Sunday, 29 November 2015

Minimal Intervention Piece #1

I'm not sure that my sculptural work qualifies 100% as assemblage. It's true that most of my three dimensional pieces employ the use of found materials, but unlike traditional assemblage, where found objects are often merely stuck together (I'm in no way deriding assemblage – in fact many of my favourite sculptures are assemblages), in my work I feel the need to manipulate the materials to a certain degree, in order to make them my own. Even with my box/tower structures, I find it hard to just take existing boxes and use them as they are. I still feel the need to create them from scratch; from bits of old wood – which ironically makes it look like I've just used pre-existing boxes.

One of the problems with using found objects in artwork is that sometimes one comes across a piece of material that is just perfect as it is, and altering it in any way might even go as far as to lessen its artistic merit. And as an avid collector (read 'hoarder') of materials I often find bits of flotsam and jetsam that fit just this criteria.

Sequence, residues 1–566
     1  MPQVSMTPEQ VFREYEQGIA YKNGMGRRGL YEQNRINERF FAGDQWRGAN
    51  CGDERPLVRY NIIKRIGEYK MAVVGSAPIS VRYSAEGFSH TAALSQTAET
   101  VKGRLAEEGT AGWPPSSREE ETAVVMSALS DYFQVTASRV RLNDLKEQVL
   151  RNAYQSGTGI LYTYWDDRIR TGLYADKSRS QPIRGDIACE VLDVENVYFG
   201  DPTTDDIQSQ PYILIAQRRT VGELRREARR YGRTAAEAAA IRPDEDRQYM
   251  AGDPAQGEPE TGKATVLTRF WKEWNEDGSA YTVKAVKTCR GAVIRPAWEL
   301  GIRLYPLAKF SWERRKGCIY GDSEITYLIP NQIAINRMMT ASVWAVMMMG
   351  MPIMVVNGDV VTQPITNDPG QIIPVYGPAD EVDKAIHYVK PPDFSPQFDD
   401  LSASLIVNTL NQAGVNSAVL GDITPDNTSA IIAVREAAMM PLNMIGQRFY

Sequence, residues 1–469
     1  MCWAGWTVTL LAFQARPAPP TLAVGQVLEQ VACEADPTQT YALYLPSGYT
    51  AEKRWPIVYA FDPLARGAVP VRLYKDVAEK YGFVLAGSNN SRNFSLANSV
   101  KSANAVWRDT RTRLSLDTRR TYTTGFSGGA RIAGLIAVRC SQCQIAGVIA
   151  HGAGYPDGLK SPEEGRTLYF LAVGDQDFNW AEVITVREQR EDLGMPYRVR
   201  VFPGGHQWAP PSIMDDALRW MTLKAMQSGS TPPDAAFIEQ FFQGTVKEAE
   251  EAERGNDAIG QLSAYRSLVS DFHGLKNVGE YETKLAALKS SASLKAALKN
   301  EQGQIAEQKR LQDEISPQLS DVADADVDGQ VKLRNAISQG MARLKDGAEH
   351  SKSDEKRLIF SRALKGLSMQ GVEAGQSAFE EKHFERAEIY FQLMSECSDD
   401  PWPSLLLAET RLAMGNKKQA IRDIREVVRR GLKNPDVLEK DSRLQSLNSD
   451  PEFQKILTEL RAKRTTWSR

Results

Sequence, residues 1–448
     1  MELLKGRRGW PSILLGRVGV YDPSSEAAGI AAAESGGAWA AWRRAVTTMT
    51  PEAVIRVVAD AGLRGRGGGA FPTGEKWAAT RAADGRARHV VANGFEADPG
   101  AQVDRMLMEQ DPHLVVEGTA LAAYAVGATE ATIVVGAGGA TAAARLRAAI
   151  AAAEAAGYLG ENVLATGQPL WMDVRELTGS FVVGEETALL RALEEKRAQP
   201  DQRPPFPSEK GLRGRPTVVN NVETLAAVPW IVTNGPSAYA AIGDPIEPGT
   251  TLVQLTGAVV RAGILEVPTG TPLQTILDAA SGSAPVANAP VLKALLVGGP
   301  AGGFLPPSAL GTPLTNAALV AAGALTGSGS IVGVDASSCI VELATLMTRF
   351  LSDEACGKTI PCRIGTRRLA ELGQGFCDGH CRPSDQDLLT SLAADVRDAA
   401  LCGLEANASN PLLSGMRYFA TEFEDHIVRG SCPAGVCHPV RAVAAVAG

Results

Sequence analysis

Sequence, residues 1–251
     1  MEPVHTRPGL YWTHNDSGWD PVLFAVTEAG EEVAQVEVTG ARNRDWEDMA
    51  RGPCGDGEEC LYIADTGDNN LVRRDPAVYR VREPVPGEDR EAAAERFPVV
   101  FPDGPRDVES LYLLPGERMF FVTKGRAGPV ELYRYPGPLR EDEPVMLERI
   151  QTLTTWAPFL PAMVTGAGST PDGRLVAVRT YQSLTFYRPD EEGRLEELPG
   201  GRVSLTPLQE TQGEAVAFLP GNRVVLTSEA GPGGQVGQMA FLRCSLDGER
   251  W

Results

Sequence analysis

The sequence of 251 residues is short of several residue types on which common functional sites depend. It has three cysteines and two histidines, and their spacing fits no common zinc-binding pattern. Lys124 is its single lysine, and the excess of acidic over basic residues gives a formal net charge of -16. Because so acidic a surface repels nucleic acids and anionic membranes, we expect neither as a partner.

Even though there is a long and respected tradition of artists exhibiting found objects exactly as they are, or with minimal intervention, and declaring them pieces art (Marcel Duchamp taking a urinal, signing it 'R.Mutt 1917', and calling it Fountain, being probably the most famous instance), I'm still not sure that I would call my found pieces art in the same way that I'd call my more laboured works art. But maybe that will change once I start showing them. In fact, I'd love to organize a show of artists' collections of objects. Although, thinking about it, I'm pretty sure that the Barbican Gallery did something similar to that last year - oh well!

For now I'll just be content calling these my Minimal Intervention Pieces. I've collected quite a few of them over the years, so I think that it's time that I finally started showing them – even if it is just on my blog for now. This first piece (I'll post more over the coming months) currently hangs above my bedroom door and is made up of two objects that were given to me by two separate friends. One half of the piece is a vintage, leather and steel, child's baseball mask, and the other is a pair of old horns – probably antelope. I'm not sure why I originally put the two items together, but to my mind, they produce something greater than the sum of their parts. And isn't that what art is about? (so maybe they are artworks after all).

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